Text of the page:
Without these facilities, more unwanted births would occur and statistical evidence proves that these situations create undue hardships on not only the mother, but the entire family. This, in turn, lowers the quality of life of all those involved and can be seen as impeding the quality of life for the mother and her family. While not completely getting into the field of eugenics, abortions allow parents to terminate a fetus that may potentially carry fatal or severe birth defects, which inherently create emotional and financial stresses that the parents are not always able to comply with.
Also, technology stemming from studies on abortions and fetal genetic makeup has allowed scientists and doctors to come up with ways to block such disorders from appearing. Abortions allow the prevention of bringing more severely dependent people into a world that is unwilling, and unable to take care and provide for them. Lastly, statistical evidence proves that “more women suffer from depression after birth than after receiving an abortion” (Shah I, Ahman E. December 2009).
Any situation that spreads depression on the populace can be seen as ethically wrong from the utilitarian outlook. Women whom undergo abortions have averted (often times) sudden disaster in their life, often due to the fact they are not emotionally and financially ready to accept the responsibilities of raising a child. This absolving of unwanted hardships will ultimately result in the lessening of unnecessary burdens on not only the individual, but more importantly society as a whole.
In conclusion we have to understand that the utilitarian consequential principle of ethics seeks to set a general rule for which to be applied to all moral decisions. In the case of abortions, the utilitarian states that all unwanted pregnancies and pregnancies that represent a physical, mental, emotional, and financial hardship should be terminated via abortion. The utilitarian does not look at the fetus (as a whole or individual) as the party in which happiness is to be gained or lost, but rather the society as a whole.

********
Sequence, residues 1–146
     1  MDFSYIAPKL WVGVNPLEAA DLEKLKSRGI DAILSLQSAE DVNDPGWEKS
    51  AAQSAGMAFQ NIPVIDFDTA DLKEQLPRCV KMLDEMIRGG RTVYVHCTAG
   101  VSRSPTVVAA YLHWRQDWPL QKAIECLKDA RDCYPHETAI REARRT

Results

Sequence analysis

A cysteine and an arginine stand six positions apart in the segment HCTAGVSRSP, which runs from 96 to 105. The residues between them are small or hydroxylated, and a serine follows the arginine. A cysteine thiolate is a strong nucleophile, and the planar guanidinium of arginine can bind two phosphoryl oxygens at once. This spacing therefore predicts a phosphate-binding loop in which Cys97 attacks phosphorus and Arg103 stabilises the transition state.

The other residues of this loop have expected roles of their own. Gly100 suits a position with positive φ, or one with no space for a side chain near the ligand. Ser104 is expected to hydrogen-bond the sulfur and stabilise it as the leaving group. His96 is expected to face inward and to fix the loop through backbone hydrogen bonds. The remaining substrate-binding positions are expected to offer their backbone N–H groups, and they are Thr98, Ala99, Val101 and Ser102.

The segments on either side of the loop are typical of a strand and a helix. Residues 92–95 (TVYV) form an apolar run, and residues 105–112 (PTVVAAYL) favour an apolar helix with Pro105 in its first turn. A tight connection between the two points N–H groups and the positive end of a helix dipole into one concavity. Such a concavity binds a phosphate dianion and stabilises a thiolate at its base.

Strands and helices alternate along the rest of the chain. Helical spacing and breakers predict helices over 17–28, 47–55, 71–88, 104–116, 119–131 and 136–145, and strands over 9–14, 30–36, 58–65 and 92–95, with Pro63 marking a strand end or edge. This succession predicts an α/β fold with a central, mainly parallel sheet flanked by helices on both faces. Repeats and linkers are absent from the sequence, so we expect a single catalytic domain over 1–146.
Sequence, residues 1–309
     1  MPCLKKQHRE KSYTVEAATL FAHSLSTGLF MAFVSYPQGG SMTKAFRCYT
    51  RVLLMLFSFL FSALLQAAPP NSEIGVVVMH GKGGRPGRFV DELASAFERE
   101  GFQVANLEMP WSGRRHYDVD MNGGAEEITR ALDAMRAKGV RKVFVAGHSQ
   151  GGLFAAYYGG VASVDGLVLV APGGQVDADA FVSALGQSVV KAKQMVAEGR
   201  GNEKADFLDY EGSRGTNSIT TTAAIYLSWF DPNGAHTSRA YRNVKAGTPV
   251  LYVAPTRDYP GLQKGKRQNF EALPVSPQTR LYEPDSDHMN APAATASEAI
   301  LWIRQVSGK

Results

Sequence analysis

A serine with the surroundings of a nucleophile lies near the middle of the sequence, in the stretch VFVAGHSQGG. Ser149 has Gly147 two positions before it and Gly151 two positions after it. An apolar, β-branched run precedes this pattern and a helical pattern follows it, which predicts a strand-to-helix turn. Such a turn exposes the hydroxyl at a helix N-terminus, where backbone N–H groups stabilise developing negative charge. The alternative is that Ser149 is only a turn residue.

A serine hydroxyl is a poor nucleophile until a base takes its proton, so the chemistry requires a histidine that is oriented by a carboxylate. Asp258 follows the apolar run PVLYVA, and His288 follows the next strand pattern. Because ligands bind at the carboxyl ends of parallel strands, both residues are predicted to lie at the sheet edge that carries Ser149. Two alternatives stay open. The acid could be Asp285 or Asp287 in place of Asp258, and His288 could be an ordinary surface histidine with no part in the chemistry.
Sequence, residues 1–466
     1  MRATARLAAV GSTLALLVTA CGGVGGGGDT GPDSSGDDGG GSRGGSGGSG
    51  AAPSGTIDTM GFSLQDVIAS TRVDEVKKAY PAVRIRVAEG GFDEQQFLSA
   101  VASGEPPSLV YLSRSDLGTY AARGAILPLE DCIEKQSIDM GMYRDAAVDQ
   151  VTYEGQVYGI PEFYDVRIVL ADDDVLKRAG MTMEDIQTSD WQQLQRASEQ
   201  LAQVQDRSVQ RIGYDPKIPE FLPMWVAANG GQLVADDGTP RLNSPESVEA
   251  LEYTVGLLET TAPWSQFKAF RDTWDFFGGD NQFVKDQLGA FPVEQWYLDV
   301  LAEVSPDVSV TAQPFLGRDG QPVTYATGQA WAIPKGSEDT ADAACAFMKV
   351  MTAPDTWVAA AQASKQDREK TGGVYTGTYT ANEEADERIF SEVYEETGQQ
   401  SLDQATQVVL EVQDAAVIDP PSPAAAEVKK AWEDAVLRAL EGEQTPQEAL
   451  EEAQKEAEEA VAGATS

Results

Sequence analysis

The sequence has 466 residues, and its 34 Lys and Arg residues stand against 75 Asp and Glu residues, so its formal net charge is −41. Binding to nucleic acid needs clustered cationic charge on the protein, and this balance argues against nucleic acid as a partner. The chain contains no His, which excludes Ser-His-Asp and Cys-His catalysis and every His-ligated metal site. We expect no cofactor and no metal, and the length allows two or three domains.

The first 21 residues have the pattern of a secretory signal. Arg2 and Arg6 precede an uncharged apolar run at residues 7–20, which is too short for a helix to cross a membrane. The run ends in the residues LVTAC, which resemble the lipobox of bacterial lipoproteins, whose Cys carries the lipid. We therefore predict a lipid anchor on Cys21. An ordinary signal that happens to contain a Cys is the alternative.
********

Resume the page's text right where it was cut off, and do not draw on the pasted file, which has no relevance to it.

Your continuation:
The fetus is not guaranteed any rights by any means nor is it guaranteed happiness for it doesn’t experience cognitive and rational thought. With this in mind, the utilitarian stance is simply a question of whether or not introducing unwanted/non-financially viable children into the world is ethically just (Shaw, William H. 1999). The consequences symbolize a systematic decrease in birth-rates; (nonetheless reproduction still occurs) that ultimately results in the increasing of utility amongst the population.
It is short-minded to consider only those directly involved in individual instances of abortion, and much more important to recognize the fact that society does not revolve around these individuals per se, but around general rules that result in overall happiness. From these tenets, we can conclude that the consequences of said ethical justifications result in a question of whether or not it is ethical to bring more people into the world, or to control the rate at which children are born. By utilizing abortion from a utilitarian standpoint, life is generally much happier for those directly and indirectly involved.
Fewer children are uncared for, fewer families are burdened by unwanted children, fewer resources have to be divulged towards state children facilities, and population control is thus put into practice. The ethical question of abortion isn’t as difficult as one may think initially, particularly when looking at it through a utilitarian standpoint. The utilitarian ultimately sees this as more of a non-issue, when the real issue is answering all moral questions from a communal standpoint, and appropriating the greatest amount of utility to the vast population.
Works Cited “The Facts Speak Louder than the ‘Silent Scream'” Planned Parenthood. 2004. Planned Parenthood Federation of America. 1 October 2005. Matthews MP, Dutt T. “Gynecology for Lawyers”. Routledge. 1998. Shah I, Ahman E. “Unsafe abortion: global and regional incidence, trends, consequences, and challenges”. J Obstetric Gynecologic. December 2009. Stoppler. “Miscarriage Spontaneous Abortion”. In Shiel WC Jr. MedicineNet. com. Retrieved 2009-04-07. Bentham, Jeremy. “The Principles of Morals and Legislation”. 1789.